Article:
Can I ask you a question ?

At least once a day I will get an email with a question like :
What light setup did you use in blog post xxxxxxxxxx (containing 10 images)
What lens should I use for a model photo
What lens or camera is best for a night time shot
What filter should I use to get the exact same effect as ………..

And although I will always answer these questions I thought it would be a good idea to dedicate a small blog post to the answer I almost always give these questions, but first make one thing very clear, these are NOT dumb questions, these are not things that irritate me, and it certainly is not meant to make fun of people…. these are the kind of questions we all struggled with when we started out.



How to create the same look as………
Let’s make one thing clear first.
There is NO magical filter in Photoshop that will transform an image you (or I shot) into a David Lachapelle image. You first have to realize that a shot like for example Dave Hill or who ever is hot today are not shot without good light, careful planning and in the case of for example Dave Hill A LOT of Photoshop work. What puzzles me often is that people try to convert images shot with on board strobes or one light source into something that was clearly shot with multiple light setups and are “frustrated” that it does not work…. well I always say to them “look at the light setups, recreate that first and in most cases the puzzle will solve itself”.


It’s a simple fact that most images (without the extensive compositing) look probably already the same as you see online when it is captured. Although I do have to say that there is a lot of stuff out there that is Photoshoped like crazy, however the “real” pros who knows what he/she is doing will get the shot in camera, Photoshop is often used to change the color, remove some elements etc. but the LOOK itself is mostly in the light and styling. So first really analyze the light setups and recreate this and from there it will probably solve itself.



What lens should I use……
This one is a difficult one, however also a simple one.
In fact you really can’t say, “always use lens x for images like y”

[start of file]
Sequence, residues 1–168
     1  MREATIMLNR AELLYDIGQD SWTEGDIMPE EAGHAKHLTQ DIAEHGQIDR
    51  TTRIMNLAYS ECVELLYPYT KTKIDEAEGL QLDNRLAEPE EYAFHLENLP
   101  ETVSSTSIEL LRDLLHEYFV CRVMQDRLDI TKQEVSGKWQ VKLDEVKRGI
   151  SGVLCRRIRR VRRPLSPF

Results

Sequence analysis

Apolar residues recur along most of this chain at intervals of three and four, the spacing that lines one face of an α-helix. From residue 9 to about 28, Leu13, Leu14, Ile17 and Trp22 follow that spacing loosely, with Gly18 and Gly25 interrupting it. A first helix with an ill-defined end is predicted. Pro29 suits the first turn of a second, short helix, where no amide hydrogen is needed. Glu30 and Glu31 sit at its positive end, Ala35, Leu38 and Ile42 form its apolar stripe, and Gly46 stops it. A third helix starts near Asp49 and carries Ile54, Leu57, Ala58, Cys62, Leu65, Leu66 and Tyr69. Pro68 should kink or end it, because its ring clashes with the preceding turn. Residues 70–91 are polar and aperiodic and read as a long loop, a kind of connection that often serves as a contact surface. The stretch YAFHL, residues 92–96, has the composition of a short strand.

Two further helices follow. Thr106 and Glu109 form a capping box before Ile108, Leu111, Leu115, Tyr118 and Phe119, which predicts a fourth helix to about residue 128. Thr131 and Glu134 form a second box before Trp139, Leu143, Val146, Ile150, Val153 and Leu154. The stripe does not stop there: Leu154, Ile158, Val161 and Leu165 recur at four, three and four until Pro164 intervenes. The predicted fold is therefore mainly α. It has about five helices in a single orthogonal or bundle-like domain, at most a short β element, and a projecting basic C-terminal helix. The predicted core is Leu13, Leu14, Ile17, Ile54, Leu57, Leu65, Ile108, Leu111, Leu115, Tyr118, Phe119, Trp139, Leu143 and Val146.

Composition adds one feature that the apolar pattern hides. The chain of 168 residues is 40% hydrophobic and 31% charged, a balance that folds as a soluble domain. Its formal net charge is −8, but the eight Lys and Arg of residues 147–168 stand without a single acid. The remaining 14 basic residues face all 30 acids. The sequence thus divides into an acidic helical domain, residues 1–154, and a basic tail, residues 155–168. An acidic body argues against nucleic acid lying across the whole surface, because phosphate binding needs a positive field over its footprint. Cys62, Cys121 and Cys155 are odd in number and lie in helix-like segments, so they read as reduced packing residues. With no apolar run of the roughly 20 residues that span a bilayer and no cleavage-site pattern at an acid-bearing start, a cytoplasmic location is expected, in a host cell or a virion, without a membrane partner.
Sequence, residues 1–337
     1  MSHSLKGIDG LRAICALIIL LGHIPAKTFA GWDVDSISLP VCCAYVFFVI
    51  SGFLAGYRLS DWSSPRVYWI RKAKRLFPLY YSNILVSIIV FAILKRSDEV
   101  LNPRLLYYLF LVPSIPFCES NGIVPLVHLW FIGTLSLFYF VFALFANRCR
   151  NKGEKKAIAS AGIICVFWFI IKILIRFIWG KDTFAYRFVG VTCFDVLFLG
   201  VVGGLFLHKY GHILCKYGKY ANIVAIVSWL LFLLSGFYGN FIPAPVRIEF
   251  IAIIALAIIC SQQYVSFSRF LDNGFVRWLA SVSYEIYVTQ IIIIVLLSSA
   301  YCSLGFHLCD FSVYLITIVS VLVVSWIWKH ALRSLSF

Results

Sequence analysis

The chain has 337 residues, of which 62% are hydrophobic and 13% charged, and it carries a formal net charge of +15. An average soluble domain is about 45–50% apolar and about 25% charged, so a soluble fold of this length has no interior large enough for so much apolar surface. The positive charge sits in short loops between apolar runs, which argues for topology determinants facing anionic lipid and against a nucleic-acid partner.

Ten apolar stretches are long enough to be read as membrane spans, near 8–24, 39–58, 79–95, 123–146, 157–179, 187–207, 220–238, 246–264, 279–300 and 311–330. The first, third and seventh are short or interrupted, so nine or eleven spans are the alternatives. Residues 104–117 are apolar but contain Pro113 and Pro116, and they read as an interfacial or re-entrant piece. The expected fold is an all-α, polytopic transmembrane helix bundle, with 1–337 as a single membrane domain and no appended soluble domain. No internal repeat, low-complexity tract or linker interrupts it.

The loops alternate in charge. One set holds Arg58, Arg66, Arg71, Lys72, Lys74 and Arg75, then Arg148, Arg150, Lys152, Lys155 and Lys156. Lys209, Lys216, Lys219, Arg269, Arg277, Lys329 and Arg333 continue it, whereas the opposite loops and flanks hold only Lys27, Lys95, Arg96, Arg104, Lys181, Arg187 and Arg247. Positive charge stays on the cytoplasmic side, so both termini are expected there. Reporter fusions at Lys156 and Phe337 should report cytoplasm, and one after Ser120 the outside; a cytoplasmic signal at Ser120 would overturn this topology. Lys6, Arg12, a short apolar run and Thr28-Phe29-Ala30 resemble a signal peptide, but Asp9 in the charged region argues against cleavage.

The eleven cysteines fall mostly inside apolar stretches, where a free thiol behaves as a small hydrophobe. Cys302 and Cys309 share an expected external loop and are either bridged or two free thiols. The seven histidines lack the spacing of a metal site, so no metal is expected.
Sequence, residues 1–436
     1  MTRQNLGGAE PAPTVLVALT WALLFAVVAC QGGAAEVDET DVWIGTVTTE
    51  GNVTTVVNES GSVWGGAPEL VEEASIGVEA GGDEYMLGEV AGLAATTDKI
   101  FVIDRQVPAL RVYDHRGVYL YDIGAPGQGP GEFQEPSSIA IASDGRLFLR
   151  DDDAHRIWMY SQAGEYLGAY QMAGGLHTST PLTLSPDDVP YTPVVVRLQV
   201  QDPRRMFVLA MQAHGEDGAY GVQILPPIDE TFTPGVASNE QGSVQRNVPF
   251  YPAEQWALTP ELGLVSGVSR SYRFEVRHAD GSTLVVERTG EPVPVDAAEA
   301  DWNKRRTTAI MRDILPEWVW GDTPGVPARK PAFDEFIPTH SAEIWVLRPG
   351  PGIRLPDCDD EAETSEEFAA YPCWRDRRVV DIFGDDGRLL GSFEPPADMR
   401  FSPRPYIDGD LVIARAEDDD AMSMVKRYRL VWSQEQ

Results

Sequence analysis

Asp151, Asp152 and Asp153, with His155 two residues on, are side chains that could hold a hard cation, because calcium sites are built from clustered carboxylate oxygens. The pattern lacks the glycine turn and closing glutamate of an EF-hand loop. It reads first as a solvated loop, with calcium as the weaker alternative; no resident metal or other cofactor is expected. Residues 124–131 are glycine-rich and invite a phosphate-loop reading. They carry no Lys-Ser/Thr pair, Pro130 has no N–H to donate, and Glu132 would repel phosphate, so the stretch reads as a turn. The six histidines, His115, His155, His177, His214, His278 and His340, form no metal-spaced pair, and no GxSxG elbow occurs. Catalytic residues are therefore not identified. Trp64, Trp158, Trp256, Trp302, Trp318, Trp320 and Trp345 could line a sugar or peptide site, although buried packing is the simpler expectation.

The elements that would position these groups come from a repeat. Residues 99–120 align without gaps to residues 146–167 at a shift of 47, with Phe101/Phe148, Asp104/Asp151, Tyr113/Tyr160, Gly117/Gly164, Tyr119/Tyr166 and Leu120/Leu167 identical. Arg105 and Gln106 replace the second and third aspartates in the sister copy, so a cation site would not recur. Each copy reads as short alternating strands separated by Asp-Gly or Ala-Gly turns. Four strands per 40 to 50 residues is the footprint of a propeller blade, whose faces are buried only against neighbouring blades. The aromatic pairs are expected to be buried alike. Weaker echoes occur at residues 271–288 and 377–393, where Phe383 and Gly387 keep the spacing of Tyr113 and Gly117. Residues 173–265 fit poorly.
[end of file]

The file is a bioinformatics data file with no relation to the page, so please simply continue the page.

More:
It simply doesn’t work that way, during the workshops I always get these questions and it’s fun to see how some students look when they see the real difference a lens makes, for example using a wide angle to shoot models is according to some not done, however when you do it can give you an amazing new look, not something I would use a lot, but it can be great….
As you can see it distorts the image to a point that the model is not looking “normal”.
But to say that this is always the fact with a wide angle is not true. Take for example the next image… this was shot with exactly the same lens on exactly the same camera.

And as you can see, there is no distortion on the model here.


In other words, choosing a lens means understanding how to use the lens, but also knowing what the scene demands.
So if someone asks me “what lens should I use to shoot a skyline at night” the only answer I really can say is “I can’t say, it depends on the skyline”.


Let’s say the skyline is close by and wide, just across the river, in that case I would opt for a wide angle, let’s say a 24mm.
But if the skyline is somewhat further away it could very well be much better with a 50mm or even longer.
The speed of the glass is also not that important, mostly we shoot skylines from a tripod and I never actually did shoot a skyline wide open, so we always stop down. What is important is making sure the exposure is correct. Because you have time you can do it with the display on the back, but better (and quicker) is to take a spot meter with you and meter the darkest areas you want to hold detail and close down 4 stops from that point, or meter the areas you don’t want to blow out and open up 2 stops from there. If you run out of dynamic range…. switch to HDR, but in most cases when you shoot just after sun down you will be fine, however in the night time the story changes and you will probably need a HDR shot to capture the full dynamic range. So the tip I can give you… shoot skylines just after sundown.

12 replies
  1. Juanmorenophotography
    Juanmorenophotography says:

    How you got that paint style in second picture? 😮 its amazing :o.. regards..

  2. Leo Koach
    Leo Koach says:

    I think I ask those questions too, knowing most of the answers. I believe most of those questions are conversation starters not mainly to learn anything (I might be wrong). As a seasoned photographer who is trying to achieve big things with less, my experiences are my best teachers. Other photographers work are my inspiration usually but I still feel the need to ask questions. Of course I learn stuff from people by implement new ideas but as I said most of the questions I ask usually either to start a conversation or just confirm my techniques.

    Whatever it is… it is always nice to see your work here 🙂

    • Frank Doorhof
      Frank Doorhof says:

      That can very well be of course.
      And it’s not wrong to ask, always keep asking otherwise you will never learn, but I thought it would be “handy” if I would put some of them in one blog post 🙂

  3. Ian Scott.
    Ian Scott. says:

    Nice post Frank, since I found your blog I’ve become something of a disciple 🙂 your comment about studying the light set-ups to recreate a “look” is spot on; I got SK’s book “Light it, shoot it, retouch it” which gives excellent diagrams of the lighting set ups, from simple to a little more complex, which in turn gives the inspiration a boost.
    Love the blog.

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